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Breast Cancer Awareness Month

28 September 2015 in Health
Women across Newham are being urged to become more informed about the early signs of breast cancer as part of next month’s (October) Breast Cancer Awareness Month.
Breast cancer is one of the most common cancers in the UK with around 55,000 people diagnosed with the disease every year. However, if it is caught early enough it can be treated.

It is important that women aged between 47 and 73 years old attend screening sessions when they are invited to help catch signs of the disease as early as possible. However, as part of the national awareness month NHS Newham Clinical Commissioning Group (CCG) and Newham Council are calling on women to ensure they regularly check their breasts for anything unusual including:
  • Changes in the size and shape of the breasts
  • Changes in nipple position
  • A rash on or around the nipple
  • Discharge from the nipple
  • Changes to the appearance of the skin of the breasts
  • Swelling, thickening, lumps or constant pain in the breasts, nearby area or under the armpit.
Everyone’s breasts are different. Some people have lumpy breasts, or one breast that is larger than the other. This is why it is important that people are familiar with the look and feel of their breasts and if they notice any changes they should see their GP.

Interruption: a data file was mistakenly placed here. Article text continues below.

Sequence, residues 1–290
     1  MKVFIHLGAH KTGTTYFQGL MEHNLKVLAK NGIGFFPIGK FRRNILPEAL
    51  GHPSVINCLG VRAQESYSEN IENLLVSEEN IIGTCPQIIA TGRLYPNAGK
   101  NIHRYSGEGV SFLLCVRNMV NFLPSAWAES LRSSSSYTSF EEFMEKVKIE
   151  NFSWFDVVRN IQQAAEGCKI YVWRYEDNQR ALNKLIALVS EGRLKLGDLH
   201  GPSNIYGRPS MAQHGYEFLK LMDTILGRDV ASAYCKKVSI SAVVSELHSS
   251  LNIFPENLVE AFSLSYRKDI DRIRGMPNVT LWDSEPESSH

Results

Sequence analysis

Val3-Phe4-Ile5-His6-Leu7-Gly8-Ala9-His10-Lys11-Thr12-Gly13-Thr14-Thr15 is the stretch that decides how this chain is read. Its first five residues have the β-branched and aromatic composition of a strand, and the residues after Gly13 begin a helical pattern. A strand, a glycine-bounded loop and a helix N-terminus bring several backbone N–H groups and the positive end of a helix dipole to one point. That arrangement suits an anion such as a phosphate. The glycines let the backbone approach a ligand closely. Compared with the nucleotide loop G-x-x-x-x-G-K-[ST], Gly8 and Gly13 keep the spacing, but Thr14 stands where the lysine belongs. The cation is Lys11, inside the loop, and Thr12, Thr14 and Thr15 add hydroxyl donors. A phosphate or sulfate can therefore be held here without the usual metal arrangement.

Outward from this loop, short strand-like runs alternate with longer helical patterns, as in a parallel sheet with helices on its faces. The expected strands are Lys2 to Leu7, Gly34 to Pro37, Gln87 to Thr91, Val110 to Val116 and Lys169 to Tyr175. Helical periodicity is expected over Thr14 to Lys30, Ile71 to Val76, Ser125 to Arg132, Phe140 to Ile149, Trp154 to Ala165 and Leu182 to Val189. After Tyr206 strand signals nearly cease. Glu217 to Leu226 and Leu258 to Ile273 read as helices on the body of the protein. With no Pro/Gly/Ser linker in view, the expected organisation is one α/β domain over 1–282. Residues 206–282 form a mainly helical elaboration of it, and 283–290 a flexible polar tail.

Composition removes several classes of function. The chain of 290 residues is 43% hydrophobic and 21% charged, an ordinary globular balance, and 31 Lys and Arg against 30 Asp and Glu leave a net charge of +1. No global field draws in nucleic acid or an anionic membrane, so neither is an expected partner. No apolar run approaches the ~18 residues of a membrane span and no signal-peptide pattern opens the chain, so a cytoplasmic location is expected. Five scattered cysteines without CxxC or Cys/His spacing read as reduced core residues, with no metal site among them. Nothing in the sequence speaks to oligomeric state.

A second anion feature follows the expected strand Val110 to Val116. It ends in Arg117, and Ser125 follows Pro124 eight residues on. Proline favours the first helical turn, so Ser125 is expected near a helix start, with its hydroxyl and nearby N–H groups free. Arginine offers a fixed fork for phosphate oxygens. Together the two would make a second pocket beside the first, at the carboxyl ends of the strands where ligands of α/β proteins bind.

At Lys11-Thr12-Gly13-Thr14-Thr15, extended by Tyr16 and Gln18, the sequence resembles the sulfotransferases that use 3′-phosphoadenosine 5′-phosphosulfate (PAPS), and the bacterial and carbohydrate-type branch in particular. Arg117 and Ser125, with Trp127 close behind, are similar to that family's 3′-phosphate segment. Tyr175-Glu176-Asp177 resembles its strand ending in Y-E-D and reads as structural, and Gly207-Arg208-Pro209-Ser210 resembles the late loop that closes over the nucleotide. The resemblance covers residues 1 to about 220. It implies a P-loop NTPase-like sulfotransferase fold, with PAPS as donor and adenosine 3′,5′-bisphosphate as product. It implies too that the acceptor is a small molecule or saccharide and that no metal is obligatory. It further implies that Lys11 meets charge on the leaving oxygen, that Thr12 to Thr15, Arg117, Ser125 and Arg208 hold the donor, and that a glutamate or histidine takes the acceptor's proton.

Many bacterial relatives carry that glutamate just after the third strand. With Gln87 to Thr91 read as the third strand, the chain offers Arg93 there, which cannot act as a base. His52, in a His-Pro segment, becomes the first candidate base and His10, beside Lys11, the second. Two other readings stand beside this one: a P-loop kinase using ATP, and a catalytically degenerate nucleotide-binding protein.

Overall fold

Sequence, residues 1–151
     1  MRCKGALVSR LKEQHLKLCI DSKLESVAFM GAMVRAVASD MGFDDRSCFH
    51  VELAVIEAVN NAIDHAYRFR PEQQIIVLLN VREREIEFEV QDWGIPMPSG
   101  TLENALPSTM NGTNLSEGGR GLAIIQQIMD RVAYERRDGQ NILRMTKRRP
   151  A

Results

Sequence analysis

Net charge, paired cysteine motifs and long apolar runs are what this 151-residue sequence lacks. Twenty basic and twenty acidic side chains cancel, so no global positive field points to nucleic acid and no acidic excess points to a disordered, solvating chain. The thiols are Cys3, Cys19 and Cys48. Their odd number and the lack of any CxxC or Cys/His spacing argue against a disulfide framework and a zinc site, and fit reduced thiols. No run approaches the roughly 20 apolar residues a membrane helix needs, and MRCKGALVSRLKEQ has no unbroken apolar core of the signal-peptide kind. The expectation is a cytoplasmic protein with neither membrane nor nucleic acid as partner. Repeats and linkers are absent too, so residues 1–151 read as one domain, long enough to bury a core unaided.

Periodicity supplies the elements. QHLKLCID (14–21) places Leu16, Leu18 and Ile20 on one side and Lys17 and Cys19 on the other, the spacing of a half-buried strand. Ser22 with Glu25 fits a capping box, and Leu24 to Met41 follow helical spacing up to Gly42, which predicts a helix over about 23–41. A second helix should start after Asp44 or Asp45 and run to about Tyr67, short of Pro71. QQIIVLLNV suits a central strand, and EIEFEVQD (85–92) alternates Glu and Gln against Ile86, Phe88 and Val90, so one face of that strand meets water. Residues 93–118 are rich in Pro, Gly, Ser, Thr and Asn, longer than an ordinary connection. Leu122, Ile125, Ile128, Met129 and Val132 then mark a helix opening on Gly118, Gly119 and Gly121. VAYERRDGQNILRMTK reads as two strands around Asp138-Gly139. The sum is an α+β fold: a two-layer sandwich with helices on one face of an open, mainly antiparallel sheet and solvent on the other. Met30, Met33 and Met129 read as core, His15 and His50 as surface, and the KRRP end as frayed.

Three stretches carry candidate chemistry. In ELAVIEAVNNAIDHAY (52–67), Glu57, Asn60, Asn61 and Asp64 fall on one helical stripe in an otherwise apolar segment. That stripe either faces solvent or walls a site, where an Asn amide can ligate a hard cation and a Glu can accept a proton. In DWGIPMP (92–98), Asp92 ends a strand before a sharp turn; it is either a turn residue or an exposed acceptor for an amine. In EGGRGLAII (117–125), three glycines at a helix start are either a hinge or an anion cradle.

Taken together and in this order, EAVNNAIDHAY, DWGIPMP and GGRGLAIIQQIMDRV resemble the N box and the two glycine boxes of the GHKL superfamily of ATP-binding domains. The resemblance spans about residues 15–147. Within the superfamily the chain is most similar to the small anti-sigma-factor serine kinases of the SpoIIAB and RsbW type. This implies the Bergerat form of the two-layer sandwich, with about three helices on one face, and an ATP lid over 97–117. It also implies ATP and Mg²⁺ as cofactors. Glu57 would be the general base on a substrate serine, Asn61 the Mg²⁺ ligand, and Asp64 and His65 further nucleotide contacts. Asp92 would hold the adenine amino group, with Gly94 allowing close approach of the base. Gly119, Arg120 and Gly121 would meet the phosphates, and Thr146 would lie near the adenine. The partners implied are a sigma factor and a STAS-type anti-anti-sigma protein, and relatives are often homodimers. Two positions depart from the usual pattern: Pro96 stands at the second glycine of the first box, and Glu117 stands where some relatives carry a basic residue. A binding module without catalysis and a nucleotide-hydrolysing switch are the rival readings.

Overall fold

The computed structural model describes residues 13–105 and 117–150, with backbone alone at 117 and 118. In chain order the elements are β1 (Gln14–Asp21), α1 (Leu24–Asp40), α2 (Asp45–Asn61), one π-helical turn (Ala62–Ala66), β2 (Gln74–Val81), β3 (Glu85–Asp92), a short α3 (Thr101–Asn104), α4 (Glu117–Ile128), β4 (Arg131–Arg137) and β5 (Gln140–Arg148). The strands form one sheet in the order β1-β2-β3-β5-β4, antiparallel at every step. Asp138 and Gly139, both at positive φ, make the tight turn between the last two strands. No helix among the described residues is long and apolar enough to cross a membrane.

If further investigation is needed the GP will arrange an X-ray of the breast, called a mammogram. There is no need to be anxious about having a mammogram as four in every five women who have a mammogram have a normal reading.

The NHS Breast Screening Programme invites women between 47 and 73 years old to have a mammogram every three years. Women will receive their first invitation, from the GP practice that they are registered with, anytime between reaching 47 and 50 years of age.

Dr Lizi Goodyear board member of NHS Newham CCG and a local GP, said:

“I encourage women to regularly look at and feel their breasts. By looking at and feeling your breasts on a regular basis, you will become familiar with your breasts and know what is normal for you and then be more able to notice something out of the ordinary. If you do notice something unusual it may not necessarily be cancer but it is important to see your GP.

“The earlier breast cancer is picked up, the easier it is to treat it and the more likely the treatment is to be successful.“

Councillor Clive Furness, mayoral advisor for adults and health, said:

“Breast cancer is the most common cancer found in women in this country and it is important that we do our bit to help raise awareness of it and encourage all women to attend breast cancer screening appointments.

“People have a better chance of fighting the disease if it is detected early. The simple message to women across Newham is know the signs of breast cancer, carry our regular checks of your breasts, attend breast cancer screening appointments and do not ignore anything out of the usual.”

Further information on how to check your breasts and the signs and symptoms of breast cancer can be found on the NHS choices website.